Client Alert

Privacy Litigation 2020 Year in Review: CCPA Litigation

06 Jan 2021

In data breach class actions filed before the California Consumer Privacy Act’s (CCPA) January 1, 2020 operative date, the challenges plaintiffs faced in showing actual damages resulted in settlements with low payouts; depending on how you count, recovery can be less than $2 per class member, and often much lower. The CCPA gives California residents who can meet the Act’s requirements the possibility of recovering between $100 and $750 in statutory damages “per consumer per incident or actual damages, whichever is greater.”[1] So has that changed the course of litigation and outcome of data breach cases filed under the CCPA?

It’s too early to tell.

Nearly 50 cases have been filed seeking damages under the CCPA, either in connection with data breaches or based on alleged violations of the Act’s other consumer rights (with even more using the CCPA to add context to other privacy-related claims). In these cases, plaintiffs are challenging the limits of the CCPA’s private right of action in every way they can:

  • First, plaintiffs are seeking to apply the CCPA retroactively. By its plain terms, the substantive provisions of the CCPA became operative only on January 1, 2020.[2] Nevertheless, a number of cases purport to state claims based on alleged data breaches or other conduct that occurred before January 1, 2020. Based on the plain text of the CCPA, and case law establishing that California follows the “time-honored principle that in the absence of an express retroactivity provision, a statute will not be applied retroactively unless it is very clear from extrinsic sources that the Legislature must have intended a retroactive application,”[3] one would expect courts to reject any effort to find the CCPA retroactive.
  • Second, plaintiffs are seeking to apply the CCPA beyond its geographic limits. The CCPA’s private right of action is available to “[a]ny consumer whose nonencrypted and nonredacted personal information … is subject to an unauthorized access and exfiltration, theft, or disclosure as a result of the business’s violation of the duty to implement and maintain reasonable security procedures and practices appropriate to the nature of the information to protect the personal information.”[4] Under the Act, “consumer” is defined as “a natural person who is a California resident.”[5] Yet non-California resident plaintiffs nonetheless purport to assert claims under the CCPA on behalf of themselves and residents of other states.
  • Third, plaintiffs are ignoring that the CCPA limits the kinds of violations on which the private right of action can be based. The CCPA explicitly limits the scope of the private right of action “only to violations as defined in [§1798.150(a)]” and prohibits claims under the private right of action based on “violations of any other section of [the Act].”[6] The violation defined in §1798.150(a) is a “business’s violation of the duty to implement and maintain reasonable security procedures and practices appropriate to the nature of the information to protect the personal information.”[7] Nevertheless, at least nine cases have been filed purporting to predicate a CCPA private right of action on other violations of the Act, such as violations around consumer rights to know or opt out of the sale of their personal information.[8] Plaintiffs are bringing these claims notwithstanding the textual limitation of the private right of action to a violation of the “duty to implement and maintain reasonable security procedures and practices.”[9]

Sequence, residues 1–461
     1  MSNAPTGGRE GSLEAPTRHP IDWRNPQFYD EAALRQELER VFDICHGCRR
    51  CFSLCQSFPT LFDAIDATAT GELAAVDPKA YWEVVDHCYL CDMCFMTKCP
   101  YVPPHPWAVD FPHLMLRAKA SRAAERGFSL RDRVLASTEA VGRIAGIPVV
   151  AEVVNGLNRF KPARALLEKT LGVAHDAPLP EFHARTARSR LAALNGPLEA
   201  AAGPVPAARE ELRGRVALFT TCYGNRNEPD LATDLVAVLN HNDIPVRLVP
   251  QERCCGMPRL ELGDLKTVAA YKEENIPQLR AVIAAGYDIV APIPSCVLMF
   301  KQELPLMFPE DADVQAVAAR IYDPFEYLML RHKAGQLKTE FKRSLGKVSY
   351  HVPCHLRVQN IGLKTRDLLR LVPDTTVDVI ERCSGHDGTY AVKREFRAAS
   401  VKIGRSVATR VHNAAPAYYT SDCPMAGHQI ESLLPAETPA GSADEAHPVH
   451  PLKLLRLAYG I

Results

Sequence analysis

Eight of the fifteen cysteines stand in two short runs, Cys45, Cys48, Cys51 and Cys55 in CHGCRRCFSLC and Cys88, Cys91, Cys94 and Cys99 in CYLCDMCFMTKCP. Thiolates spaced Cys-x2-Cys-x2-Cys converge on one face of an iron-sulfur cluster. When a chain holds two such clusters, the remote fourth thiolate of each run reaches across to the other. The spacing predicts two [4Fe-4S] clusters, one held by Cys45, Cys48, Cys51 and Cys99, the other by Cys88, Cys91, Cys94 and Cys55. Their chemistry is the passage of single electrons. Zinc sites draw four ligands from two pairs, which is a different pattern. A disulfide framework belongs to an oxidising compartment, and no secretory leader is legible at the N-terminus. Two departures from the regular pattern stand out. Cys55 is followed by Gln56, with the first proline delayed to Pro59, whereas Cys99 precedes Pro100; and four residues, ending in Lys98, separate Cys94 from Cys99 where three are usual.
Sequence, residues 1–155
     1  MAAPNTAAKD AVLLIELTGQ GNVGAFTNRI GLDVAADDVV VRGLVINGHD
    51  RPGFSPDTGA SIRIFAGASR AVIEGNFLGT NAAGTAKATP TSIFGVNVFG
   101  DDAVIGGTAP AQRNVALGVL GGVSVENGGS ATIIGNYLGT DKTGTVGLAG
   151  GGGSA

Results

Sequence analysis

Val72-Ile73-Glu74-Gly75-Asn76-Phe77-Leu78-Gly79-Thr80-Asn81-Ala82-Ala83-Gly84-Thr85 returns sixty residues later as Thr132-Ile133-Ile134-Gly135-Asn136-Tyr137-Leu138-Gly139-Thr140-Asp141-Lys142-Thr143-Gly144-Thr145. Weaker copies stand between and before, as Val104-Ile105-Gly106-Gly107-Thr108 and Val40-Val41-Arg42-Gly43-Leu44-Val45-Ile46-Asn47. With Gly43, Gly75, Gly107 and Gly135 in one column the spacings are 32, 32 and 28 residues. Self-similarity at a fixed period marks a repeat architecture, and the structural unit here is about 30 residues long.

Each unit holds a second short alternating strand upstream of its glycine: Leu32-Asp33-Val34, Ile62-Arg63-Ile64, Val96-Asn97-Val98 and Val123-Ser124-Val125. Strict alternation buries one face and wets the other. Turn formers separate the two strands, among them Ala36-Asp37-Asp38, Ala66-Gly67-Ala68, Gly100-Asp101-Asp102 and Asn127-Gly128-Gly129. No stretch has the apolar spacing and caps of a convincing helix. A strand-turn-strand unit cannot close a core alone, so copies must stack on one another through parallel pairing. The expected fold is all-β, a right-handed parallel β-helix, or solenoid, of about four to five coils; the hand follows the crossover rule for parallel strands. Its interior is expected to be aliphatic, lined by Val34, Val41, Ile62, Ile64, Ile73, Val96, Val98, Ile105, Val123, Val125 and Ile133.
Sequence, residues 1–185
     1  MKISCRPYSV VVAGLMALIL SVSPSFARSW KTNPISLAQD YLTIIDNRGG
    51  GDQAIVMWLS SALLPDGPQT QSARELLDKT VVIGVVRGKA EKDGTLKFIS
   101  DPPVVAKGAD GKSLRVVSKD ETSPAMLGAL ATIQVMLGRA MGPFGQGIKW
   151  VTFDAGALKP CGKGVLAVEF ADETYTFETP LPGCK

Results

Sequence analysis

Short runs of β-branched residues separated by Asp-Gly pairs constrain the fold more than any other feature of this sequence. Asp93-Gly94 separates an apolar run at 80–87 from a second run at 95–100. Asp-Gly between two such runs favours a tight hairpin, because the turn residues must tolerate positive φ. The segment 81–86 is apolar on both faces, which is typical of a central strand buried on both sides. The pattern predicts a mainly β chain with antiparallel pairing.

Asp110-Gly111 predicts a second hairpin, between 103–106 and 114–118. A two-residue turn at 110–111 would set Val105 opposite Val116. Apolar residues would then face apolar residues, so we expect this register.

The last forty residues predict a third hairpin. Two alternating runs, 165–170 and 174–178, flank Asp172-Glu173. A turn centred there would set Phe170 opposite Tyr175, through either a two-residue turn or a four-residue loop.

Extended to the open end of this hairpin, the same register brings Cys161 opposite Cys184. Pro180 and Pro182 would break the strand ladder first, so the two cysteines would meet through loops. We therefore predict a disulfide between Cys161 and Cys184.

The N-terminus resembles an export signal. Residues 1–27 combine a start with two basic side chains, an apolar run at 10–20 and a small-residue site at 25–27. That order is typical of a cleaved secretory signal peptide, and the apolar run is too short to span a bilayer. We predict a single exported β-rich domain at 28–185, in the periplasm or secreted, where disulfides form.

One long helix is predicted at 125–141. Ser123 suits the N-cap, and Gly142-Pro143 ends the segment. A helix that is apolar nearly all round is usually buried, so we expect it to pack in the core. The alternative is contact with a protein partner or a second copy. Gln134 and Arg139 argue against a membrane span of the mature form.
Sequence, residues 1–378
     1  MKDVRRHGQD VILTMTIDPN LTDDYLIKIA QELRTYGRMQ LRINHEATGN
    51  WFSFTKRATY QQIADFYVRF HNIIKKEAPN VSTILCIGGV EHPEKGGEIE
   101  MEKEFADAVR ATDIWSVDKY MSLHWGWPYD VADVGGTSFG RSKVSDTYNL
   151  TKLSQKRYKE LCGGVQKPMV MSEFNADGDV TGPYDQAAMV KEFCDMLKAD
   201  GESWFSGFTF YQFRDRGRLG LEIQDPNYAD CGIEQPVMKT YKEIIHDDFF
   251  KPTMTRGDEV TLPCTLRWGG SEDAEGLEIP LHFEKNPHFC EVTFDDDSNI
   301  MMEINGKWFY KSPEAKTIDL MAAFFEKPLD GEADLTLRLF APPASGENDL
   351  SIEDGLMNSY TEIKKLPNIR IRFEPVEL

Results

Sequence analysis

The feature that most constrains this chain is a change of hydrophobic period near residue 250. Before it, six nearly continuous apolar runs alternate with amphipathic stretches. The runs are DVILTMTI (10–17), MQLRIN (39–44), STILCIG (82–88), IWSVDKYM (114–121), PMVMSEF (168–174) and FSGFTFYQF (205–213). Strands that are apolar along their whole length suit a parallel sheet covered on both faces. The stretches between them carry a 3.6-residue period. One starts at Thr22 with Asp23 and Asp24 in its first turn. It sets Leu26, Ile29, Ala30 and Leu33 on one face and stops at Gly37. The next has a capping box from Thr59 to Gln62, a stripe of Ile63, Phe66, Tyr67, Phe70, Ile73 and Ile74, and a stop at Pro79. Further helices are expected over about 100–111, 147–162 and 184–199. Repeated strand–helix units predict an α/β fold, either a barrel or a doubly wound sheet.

• Finally, plaintiffs are seeking to use the CCPA as the standard of care for other statutory or common law claims. In at least 19 cases, plaintiffs cite the CCPA as the legal predicate for a claim under California’s Unfair Competition Law or as support for a common-law invasion of privacy claim. Again, the text of the CCPA (and its legislative history) plainly forecloses such claims: “Nothing in this title shall be interpreted to serve as the basis for a private right of action under any other law.”[10]

Given the early stages that all of these cases are in, no court has yet weighed in on plaintiffs’ efforts to expand the scope of the private right of action. We expect courts to resolve these issues in 2021.


[1] Cal. Civ. Code § 1798.150(a)(1)(A).

[2] Cal. Civ. Code § 1798.198 (providing “this title”—meaning, Title 1.81.5, the California Consumer Privacy Act of 2018, §§ 1798.100-1798.199—“shall be operative January 1, 2020”); see also Cal. Civ. Code § 3 (“[n]o part of [this Code] is retroactive, unless expressly so declared.”).

[3] See, e.g., People v. Brown, 54 Cal. 4th 314, 319–20, 278 P.3d 1182, 1184–85 (2012), as modified on denial of reh’g (Sept. 12, 2012) (ellipses omitted) (quoting Evangelatos v. Superior Court, 44 Cal.3d 1188, 1208–09 (1988)).

[4] Cal. Civ. Code § 1798.150(a)(1).

[5] Cal. Civ. Code § 1798.140(g).

[6] Cal. Civ. Code § 1798.150(c).

[7] Cal. Civ. Code § 1798.150(a)(1).

[8] Cal. Civ. Code § 1798.100(b) (requiring notice of categories of collected PI and purposes); § 1798.110(c) (requiring disclosure of categories of PI collected, sources of PI, commercial purposes for which PI is collected or sold, and third parties with whom PI is shared); § 1798.115(c) (requiring disclosure of categories of PI sold, or whether PI has not been sold, and categories of PI disclosed for a business purpose, or whether PI has not been disclosed for a business purpose); § 1798.120(b) (requiring notice of sale and right to opt out of sale to third parties); and § 1798.135(a) (requiring “Do Not Sell My Personal Information” link on webpage and respecting consumer opt-outs).

[9] Cal. Civ. Code § 1798.150(a)(1).

[10] Cal. Civ. Code § 1798.150(c).

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